The Italian R.N. corvette Vettor Pisani left Italy in April, 1882, for a voyage round the world with the ordinary commission of a man-of-war. The Minister of Marine, wishing to obtain scientific results, gave orders to form, when possible, a marine zoological collection, and to carry on surveying, deep-sea soundings, and abyssal thermometrical measurements. The officers of the ship received their different scientific charges, and Prof. Dohrn, director of the Zoological Station at Naples, gave to the writer necessary instructions for collecting and preserving sea animals.

At the end of 1882 the Vettor Pisani visited the Straits of Magellan, the Patagonian Channels, and Chonos and Chiloe islands; we surveyed the Darwin Channel, and following Dr. Cuningham's work (who visited these places on board H.M.S. Nassau), we made a numerous collection of sea animals by dredging and fishing along the coasts.

While fishing for a big shark in the Gulf of Panama during the stay of our ship in Taboga Island, one day in February, with a dead clam, we saw several great sharks some miles from our anchorage. In a short time several boats with natives went to sea, accompanied by two of the Vettor Pisani's boats.

Having wounded one of these animals in the lateral part of the belly, we held him with lines fixed to the spears; he then began to describe a very narrow curve, and irritated by the cries of the people that were in the boats, ran off with a moderate velocity. To the first boat, which held the lines just mentioned, the other boats were fastened, and it was a rather strange emotion to feel ourselves towed by the monster for more than three hours with a velocity that proved to be two miles per hour. One of the boats was filled with water. At last the animal was tired by the great loss of blood, and the boats assembled to haul in the lines and tow the shark on shore.

With much difficulty the nine boats towed the animal alongside the Vettor Pisani to have him hoisted on board, but it was impossible on account of his colossal dimensions. But as it was high water we went toward a sand beach with the animal, and we had him safely stranded at night.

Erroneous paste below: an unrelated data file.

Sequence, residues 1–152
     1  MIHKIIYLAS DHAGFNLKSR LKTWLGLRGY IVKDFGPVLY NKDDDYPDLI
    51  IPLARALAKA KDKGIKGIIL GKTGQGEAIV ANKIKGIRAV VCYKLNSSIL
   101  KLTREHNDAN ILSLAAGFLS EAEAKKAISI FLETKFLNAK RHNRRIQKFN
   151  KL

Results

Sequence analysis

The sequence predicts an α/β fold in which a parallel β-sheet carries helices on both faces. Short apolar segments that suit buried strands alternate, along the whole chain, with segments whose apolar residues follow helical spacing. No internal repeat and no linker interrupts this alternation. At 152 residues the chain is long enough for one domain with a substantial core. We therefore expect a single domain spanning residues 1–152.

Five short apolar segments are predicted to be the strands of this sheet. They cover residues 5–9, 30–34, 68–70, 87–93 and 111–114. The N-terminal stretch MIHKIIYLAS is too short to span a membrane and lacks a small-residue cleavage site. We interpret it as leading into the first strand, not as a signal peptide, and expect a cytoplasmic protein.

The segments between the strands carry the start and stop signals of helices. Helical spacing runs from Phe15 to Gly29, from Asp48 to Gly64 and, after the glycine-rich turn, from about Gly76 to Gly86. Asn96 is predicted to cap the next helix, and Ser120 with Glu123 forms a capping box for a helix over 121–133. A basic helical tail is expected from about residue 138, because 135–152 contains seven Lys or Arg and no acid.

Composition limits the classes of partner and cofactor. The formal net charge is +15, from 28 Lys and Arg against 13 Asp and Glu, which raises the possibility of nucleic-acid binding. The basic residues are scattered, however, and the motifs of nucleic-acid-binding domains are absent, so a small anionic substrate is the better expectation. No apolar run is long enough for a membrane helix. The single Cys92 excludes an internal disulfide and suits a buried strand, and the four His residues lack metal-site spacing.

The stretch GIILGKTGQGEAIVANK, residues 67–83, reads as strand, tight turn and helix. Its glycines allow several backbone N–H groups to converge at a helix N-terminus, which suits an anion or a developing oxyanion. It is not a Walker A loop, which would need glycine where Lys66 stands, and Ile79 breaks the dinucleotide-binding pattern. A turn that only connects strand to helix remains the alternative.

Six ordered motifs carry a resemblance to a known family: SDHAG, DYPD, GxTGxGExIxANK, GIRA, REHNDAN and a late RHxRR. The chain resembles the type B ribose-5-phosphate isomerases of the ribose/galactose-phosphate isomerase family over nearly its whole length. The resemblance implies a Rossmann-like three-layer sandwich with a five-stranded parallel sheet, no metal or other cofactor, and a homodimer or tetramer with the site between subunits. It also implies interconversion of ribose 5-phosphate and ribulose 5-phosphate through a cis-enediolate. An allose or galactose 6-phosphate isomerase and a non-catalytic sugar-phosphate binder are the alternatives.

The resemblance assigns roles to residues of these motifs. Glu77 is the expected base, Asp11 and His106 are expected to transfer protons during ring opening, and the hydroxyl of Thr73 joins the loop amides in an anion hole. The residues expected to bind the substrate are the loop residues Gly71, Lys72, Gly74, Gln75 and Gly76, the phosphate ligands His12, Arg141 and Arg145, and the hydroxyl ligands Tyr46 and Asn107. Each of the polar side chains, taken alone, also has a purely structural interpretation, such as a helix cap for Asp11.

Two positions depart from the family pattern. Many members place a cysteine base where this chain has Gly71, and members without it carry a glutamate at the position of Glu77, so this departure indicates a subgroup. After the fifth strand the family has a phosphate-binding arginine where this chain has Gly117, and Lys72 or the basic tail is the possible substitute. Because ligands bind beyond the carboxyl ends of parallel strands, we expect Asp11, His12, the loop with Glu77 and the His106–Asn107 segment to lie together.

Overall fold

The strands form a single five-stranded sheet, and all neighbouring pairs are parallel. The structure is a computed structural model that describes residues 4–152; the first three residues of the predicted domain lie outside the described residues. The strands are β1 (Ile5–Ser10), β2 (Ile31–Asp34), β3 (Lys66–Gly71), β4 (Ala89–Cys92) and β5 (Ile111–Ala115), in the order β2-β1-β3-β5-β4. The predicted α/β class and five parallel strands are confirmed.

With much care were inspected the mouth, the nostrils, the ears, and all the body, but no parasite was found. The eyes were taken out and prepared for histological study. The set of teeth was all covered by a membrane that surrounded internally the lips; the teeth are very little, and almost in a rudimental state. The mouth, instead of opening in the inferior part of the head, as in common sharks, was at the extremity of the head; the jaws having the same bend.

Cutting the animal on one side of the backbone we met (1) a compact layer of white fat 20 centimeters deep; (2) the cartilaginous ribs covered with blood vessels; (3) a stratum of flabby, stringy, white muscle, 60 centimeters high, apparently in adipose degeneracy; (4) the stomach.

By each side of the backbone he had three chamferings, or flutings, that were distinguished by inflected interstices. The color of the back was brown with yellow spots that became close and small toward the head, so as to be like marble spots. The length of the shark was 8.90 m. from the mouth to the pinna caudalis extremity, the greatest circumference 6.50 m., and 2.50 m. the main diameter (the outline of the two projections is made for giving other dimensions).

The natives call the species Tintoreva, and the most aged of the village had only once before fished such an animal, but smaller. While the animal was on board we saw several Remora about a foot long drop from his mouth; it was proved that these fish lived fixed to the palate, and one of them was pulled off and kept in the zoological collection of the ship.